Atmospheric analysis yields dog poop surprise

Microbiologists from the University of Colorado Boulder were surprised to find that the dominant airborne bacterial communities of several American cities most closely resembled the microbial communities found in dog poop.

The study showed that of the four Midwestern cities sampled in the experiment, Cleveland and Detroit had significant quantities of fecal bacteria in the atmosphere – with dog feces being the most likely source. The results were published in Applied and Environmental Microbiology.

It is only in recent years that researchers have started investigating the diversity of bacteria residing in the air. “There is a real knowledge gap,” said study co-author Noah Fierer. “We are just starting to realize this uncharted microbial diversity in the air – a place where you wouldn’t exactly expect microbes to be living.”

For the study, the team analyzed the atmosphere in the summer and winter at four locations in the Great Lakes region of the U.S. Three of the locations – Chicago, Cleveland and Detroit – are major cities and one location, Mayville, Wis., is a small town with a population of less than 6,000.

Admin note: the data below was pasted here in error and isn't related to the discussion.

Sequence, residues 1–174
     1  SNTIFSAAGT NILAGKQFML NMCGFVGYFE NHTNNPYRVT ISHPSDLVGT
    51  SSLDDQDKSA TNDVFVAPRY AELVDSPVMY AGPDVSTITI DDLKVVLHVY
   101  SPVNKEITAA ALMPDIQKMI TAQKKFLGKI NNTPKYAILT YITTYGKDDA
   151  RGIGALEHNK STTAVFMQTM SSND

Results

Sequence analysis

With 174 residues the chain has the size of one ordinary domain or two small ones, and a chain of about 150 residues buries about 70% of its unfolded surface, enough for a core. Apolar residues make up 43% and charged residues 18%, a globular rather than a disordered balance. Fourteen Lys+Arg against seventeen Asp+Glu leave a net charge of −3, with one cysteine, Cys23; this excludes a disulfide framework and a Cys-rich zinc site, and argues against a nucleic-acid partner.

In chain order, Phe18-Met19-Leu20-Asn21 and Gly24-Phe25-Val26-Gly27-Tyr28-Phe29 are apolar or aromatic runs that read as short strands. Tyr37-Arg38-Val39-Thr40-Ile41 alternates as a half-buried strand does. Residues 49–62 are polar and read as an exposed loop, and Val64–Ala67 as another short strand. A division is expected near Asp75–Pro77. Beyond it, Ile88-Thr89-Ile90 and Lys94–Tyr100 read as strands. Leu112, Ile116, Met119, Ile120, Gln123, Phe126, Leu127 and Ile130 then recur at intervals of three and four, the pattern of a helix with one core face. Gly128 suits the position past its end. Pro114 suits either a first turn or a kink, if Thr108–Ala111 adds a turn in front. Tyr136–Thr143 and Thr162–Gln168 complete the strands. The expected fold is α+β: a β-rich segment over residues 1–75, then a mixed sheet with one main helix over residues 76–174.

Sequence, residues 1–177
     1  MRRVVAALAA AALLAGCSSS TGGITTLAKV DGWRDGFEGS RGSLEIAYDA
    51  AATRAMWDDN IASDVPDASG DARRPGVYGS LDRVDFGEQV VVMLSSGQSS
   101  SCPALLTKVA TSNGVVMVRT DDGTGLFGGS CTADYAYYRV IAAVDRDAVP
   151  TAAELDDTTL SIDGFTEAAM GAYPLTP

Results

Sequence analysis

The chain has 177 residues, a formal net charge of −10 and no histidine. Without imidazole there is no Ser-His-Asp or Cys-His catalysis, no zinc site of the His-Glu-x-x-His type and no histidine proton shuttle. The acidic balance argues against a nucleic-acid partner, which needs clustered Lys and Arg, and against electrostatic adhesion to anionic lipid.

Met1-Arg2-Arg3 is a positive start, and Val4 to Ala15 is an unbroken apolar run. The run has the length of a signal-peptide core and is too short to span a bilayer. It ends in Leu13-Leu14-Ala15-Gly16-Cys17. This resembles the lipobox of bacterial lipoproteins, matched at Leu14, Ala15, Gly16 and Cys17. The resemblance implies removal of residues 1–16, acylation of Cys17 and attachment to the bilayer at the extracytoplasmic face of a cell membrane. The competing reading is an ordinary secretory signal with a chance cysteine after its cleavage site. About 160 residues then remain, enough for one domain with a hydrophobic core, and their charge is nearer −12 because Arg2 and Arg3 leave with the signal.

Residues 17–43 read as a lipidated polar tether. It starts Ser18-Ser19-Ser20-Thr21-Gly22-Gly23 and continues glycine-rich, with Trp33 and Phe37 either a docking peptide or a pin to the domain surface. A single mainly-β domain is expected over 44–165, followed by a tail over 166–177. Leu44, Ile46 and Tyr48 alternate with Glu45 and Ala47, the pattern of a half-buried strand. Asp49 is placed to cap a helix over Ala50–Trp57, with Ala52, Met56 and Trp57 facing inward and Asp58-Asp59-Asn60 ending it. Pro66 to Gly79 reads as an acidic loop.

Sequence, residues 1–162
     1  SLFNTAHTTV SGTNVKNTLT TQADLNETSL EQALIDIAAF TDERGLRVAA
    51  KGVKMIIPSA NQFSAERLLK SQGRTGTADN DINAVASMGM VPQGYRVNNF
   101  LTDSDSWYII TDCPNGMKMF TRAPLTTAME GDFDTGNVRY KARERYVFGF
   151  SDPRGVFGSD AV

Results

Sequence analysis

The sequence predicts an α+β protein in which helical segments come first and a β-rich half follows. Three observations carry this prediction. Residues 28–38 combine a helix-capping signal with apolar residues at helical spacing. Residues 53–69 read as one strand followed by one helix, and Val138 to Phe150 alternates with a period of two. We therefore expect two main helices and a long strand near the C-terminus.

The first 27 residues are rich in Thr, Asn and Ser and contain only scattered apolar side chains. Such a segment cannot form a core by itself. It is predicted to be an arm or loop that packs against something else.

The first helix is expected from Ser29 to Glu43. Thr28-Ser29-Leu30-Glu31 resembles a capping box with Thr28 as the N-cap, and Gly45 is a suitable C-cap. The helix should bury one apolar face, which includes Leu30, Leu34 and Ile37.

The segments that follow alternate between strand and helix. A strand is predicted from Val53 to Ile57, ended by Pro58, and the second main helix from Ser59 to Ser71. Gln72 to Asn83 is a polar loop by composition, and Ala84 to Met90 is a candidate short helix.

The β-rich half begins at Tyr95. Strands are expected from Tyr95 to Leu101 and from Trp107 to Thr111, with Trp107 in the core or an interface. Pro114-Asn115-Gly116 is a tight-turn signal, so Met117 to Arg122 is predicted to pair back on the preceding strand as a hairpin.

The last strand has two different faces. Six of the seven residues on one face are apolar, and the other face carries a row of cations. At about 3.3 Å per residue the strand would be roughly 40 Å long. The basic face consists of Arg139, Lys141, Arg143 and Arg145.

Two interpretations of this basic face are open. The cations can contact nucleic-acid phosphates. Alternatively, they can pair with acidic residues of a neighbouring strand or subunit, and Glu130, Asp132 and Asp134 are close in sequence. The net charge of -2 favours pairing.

The researchers analyzed the bacteria’s DNA in the collected air samples and compared the bacteria they found against a database of bacteria from known sources such as leaf surfaces, soil, and human, cow and dog feces. They discovered that the bacterial communities in the air were surprisingly diverse and also that, in two of the four locations, dog feces were a greater than expected source of bacteria in the atmosphere in the winter.

In the summer, airborne bacteria come from many sources including soil, dust, leaf surfaces, lakes and oceans, the study notes. But in the winter, as leaves drop and snow covers the ground, the influence that these environments have is reduced. It is during this season that the airborne communities appeared to be more influenced by dog feces than the other sources tested in the experiment.

The team now plans to investigate the bacterial communities in other cities and to build a continental-scale atlas of airborne bacterial communities. “We don’t know if the patterns we observed in those sites are unique to those cities,” said Fierer. “Does San Francisco have the same bacteria as New York? Nobody knows as yet. With this information, scientists can then investigate the possible impacts on human health. We need much better information on what sources of bacteria we are breathing in every time we go outside.”

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Source: University of Colorado at Boulder

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